Tony Daniel's work seems more inconsistent than ever in this second issue of "Batman R.I.P." Perhaps the work was rushed, or perhaps Sandu Florea's inks don't quite mesh with Daniel's style, but whatever the reason, the art in this issue hurts what is otherwise an intriguing series of plot developments. Not only does Bruce Wayne's face shift from narrow and angular to wide-jawed and chiseled, but on page four, Alfred comments on Batman's shoulder wound even though he's depicted as standing behind Batman. Batman's cape completely covers the bleeding, but somehow Alfred knows about it. That's a big problem, because it seems like maybe Alfred's impossible knowledge is a clue of some sort - -and in Morrison's "Batman," clues are everywhere -- but it's more than likely just a mistake in the artwork. After the coloring gaffe in the previous issue, when blood was added to the final page when it wasn't supposed to be, I don't trust the artists enough to believe everything I see. And that's no good in a story where every little detail should matter.
At least "Batman" #677 addresses some of the speculation surrounding the clues that have appeared thus far. We find out that Alfred is more than he has appeared to be -- is he the Black Glove? And Thomas Wayne may be alive after possibly faking his own death years ago -- is he the Black Glove? And Jezebel Jet confronts Bruce Wayne about the possibility that his fractured psyche has created a second, evil persona -- is he the Black Glove? None of these suspects is identified as anything other than a possibility, but this issue certainly tackles the question of the mysterious identity of the Black Glove in a more direct way that we've seen in previous installments. It seems like Morrison is moving toward a big reveal, although like a good mystery, the story is full of red herrings and misdirection. The Thomas Wayne situation, though, is certainly a shocker. Even if he's not ultimately the Black Glove, the "truth" about his background, as revealed in this issue, completely changes the game. No longer is he the noble father-figure, romanticized in Batman's memory. Or at least he won't be, once Batman finds out the truth for himself. Then again, if Batman's such a great detective, why doesn't he know the truth of his father's past already? Maybe this hitherto unknown past of his father is false -- created by the Black Glove. That's what's great about Morrison's mystery here -- we have plenty of things to speculate about, and they all seem tantalizing.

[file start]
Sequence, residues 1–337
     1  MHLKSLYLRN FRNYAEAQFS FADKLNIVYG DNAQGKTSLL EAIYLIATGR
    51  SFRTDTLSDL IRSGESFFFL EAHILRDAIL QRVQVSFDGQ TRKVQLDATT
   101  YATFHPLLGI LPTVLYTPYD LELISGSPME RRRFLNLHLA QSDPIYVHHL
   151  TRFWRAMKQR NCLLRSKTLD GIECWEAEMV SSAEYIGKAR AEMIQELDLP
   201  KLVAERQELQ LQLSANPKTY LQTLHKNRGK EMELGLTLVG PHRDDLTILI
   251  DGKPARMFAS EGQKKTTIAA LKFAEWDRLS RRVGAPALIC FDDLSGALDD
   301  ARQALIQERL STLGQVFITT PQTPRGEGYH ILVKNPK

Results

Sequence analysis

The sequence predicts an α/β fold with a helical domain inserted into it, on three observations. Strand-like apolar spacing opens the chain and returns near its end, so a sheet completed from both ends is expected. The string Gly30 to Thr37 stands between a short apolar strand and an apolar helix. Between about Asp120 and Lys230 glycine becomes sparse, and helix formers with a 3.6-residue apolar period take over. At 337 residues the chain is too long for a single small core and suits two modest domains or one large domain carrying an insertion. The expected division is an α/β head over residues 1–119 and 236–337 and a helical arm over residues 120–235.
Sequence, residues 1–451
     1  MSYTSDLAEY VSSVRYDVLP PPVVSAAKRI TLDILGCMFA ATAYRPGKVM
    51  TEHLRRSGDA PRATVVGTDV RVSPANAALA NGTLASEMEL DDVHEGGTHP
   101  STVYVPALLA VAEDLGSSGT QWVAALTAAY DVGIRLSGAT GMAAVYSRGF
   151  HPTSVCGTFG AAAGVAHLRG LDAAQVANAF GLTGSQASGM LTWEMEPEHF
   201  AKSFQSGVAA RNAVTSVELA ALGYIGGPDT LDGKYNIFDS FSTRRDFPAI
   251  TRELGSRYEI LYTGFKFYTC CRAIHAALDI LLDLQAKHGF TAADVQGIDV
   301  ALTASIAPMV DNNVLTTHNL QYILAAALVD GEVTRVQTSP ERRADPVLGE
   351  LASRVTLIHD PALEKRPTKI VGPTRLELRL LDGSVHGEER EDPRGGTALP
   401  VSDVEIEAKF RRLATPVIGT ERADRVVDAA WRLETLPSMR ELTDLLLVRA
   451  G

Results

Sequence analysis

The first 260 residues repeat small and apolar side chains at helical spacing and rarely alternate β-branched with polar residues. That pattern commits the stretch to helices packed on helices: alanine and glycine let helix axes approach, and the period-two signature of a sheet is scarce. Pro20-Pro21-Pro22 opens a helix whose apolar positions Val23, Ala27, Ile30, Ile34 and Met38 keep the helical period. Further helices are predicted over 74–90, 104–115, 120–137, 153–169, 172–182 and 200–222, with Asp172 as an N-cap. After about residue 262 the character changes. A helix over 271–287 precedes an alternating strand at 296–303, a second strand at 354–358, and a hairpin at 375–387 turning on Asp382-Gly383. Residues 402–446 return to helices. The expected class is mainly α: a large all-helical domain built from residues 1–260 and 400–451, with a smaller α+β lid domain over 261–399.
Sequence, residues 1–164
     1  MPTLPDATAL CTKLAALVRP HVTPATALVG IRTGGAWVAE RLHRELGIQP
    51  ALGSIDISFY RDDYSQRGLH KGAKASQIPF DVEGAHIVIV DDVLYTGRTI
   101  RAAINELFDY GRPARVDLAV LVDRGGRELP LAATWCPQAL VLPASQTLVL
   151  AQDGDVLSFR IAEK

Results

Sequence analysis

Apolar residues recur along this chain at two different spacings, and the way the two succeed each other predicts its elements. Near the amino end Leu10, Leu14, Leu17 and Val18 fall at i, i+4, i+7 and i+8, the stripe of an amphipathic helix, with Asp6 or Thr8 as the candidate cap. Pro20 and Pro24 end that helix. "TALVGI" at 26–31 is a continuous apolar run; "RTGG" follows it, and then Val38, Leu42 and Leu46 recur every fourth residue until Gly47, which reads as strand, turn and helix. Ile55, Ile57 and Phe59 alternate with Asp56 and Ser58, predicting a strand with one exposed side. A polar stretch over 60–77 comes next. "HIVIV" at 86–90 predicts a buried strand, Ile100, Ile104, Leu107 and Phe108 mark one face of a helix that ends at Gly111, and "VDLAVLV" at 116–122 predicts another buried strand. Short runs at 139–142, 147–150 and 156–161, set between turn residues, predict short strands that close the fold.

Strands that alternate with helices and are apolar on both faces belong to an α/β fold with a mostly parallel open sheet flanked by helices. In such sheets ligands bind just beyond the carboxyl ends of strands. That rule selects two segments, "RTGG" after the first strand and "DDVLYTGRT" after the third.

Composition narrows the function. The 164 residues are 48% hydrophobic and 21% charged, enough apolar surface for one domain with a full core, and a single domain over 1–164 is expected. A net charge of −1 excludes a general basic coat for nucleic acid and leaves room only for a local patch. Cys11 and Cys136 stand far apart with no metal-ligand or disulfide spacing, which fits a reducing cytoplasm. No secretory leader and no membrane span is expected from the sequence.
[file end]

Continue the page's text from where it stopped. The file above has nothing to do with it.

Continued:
The Club of Villains also makes their move in "Batman" #677, with a combination of post-hypnotic suggestion and home invasion, they violate the sanctity of the Batcave and thrust the story toward a climax.
I wish Morrison had a better artist joining him on this strange journey, but "Batman R.I.P." is shaping up to be a classic. The more we learn about the Black Glove, the more we appreciate Morrison's earlier work on this series, as small moments from months ago, or even years ago, matter more in retrospect. Morrison's "Batman" has re-engaged my interest in the Batman mythos, and I'm eager to see how he's going to tie the Black Glove reveal into the "death" of Batman. Because even though I've been "sure" of the Black Glove's identity about half a dozen times, I really don't know what Morrison has planned.